Monday, 17 January 2022

What the blazes....

       ... grass cutting in January?....


   

     Tis not the normal task that I find myself toiling over at this time of year but the so far mild winter has made it a necessity at one clients where the grass always seems to grow twice as fast as anybody else's lawn that I take care of. I am always surprised at the rate of growth here as it is the most exposed and bloody wind stricken garden that I attend and being that it is here within the confines of the village boundary, the lower temperatures that we generally receive should also curtail its growth, but nope it leaps up faster than a stalk seeded from magic beans! It is not the tidiest of cuts but the length and dampness of the grass dictated the finish, it will improve. 

     The lawn belongs to the same client to whom the hedging work I started last weekend is for. Another four or so hours were spent on the hedge line yesterday morning hoping that the grass would dry somewhat before its afternoon cut (it didn't!). I made far better progress upon the hedge than last week and my shoulder (and knackered knees) although sore today has not given my any cause for concern. Its movement is still restricted in one direction but I am adjusting to this and I can slowly feel my right arms strength returning. I will take more photographs of said hedge line next weekend for your perusal.

     Many thanks for those who commented upon my last post and for some of the ideas about regaining my fitness levels, well apart from the cold water swimming Lulu! hell as if my nether regions are not small enough! I have been looking at adding cycling, some resistance training (at home and not the bloody gym) and Tai Chi to the 'slow running' that I have gingerly started (knees) and I think that this combination will give a good balance between strength, stamina and flexibility, we shall see.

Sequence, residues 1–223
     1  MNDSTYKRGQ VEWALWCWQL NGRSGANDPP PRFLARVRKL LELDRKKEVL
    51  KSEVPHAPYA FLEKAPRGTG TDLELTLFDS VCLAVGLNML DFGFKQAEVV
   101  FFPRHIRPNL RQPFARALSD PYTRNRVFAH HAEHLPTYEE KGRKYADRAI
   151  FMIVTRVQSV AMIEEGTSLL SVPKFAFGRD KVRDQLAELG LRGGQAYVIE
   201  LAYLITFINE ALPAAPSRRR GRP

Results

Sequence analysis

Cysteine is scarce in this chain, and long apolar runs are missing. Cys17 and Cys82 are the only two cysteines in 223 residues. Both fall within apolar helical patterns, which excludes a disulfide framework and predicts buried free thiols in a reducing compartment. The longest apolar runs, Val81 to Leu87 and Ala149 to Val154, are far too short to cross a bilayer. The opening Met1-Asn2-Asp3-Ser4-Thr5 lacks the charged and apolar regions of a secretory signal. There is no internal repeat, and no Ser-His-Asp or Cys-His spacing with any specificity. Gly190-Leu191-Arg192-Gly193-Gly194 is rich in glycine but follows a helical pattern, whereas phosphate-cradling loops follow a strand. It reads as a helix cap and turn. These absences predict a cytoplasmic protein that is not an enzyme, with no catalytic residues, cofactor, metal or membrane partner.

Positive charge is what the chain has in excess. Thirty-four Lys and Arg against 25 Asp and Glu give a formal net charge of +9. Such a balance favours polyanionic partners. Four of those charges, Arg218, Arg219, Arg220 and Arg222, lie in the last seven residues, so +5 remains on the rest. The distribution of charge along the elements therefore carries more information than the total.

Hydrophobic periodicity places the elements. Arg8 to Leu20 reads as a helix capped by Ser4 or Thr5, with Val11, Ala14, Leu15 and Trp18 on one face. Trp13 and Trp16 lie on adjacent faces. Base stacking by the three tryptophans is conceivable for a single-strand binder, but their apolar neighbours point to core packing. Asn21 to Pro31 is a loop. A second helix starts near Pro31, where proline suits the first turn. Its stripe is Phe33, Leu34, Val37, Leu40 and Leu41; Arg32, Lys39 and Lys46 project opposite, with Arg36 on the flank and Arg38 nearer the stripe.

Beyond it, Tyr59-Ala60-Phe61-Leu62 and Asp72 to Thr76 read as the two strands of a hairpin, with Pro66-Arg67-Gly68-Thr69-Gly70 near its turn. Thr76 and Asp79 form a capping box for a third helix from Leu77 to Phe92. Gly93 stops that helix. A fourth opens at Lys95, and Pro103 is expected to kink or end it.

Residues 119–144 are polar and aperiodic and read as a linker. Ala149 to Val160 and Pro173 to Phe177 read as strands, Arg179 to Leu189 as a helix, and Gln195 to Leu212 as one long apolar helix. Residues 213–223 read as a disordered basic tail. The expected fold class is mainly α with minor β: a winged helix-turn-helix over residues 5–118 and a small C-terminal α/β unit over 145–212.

After yesterdays work I am feeling far more confident about my recovery from the 'Snap' and from tomorrow I am starting to increase my work load. I have been extremely fortunate in the response from last year's regular clients with all of them wanting me back to tend their gardens, so happy days indeed.

     The return to work could not have come at a better time for not only have our scant savings been severely reduced by my convalescence but we have just received a quote for having the 'House in the Rock' tanked, in a hope to cure its ongoing damp problem, ouch! But the work has to done before we can set our stamp on our home and give it some much needed character. As said in a previous post we are aiming to return many Victorian features to the house with a steampunk aesthetic but with a nod to modern living. 

    Well that is about it for this short yet strangely rambling post, stay safe folks.

John t' Gardener

19 comments:

  1. My grass here could do with a cut but I only have only a battery mower and that's no good on wet grass and the grass never dries, it's going to be a problem.
    I'm glad you are able to get working again

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    1. Thank you Sue, it is a relief to be working again for sure. You could invest in a pigmy goat for the grass ;)

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  2. Ya know John, if you quit watering and fertilizing the grass, it'll quit growing. Look at mine last Summer. Although the client probably wouldn't see the humor in that. Glad to see you "back in the saddle again".

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    1. Ahhh but there is the quandary of this particular grass my good man, tis neither fed nor watered yet grows with more vigour than any other that I attend.

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  3. I wish grass was edible. At least it would be useful. :-)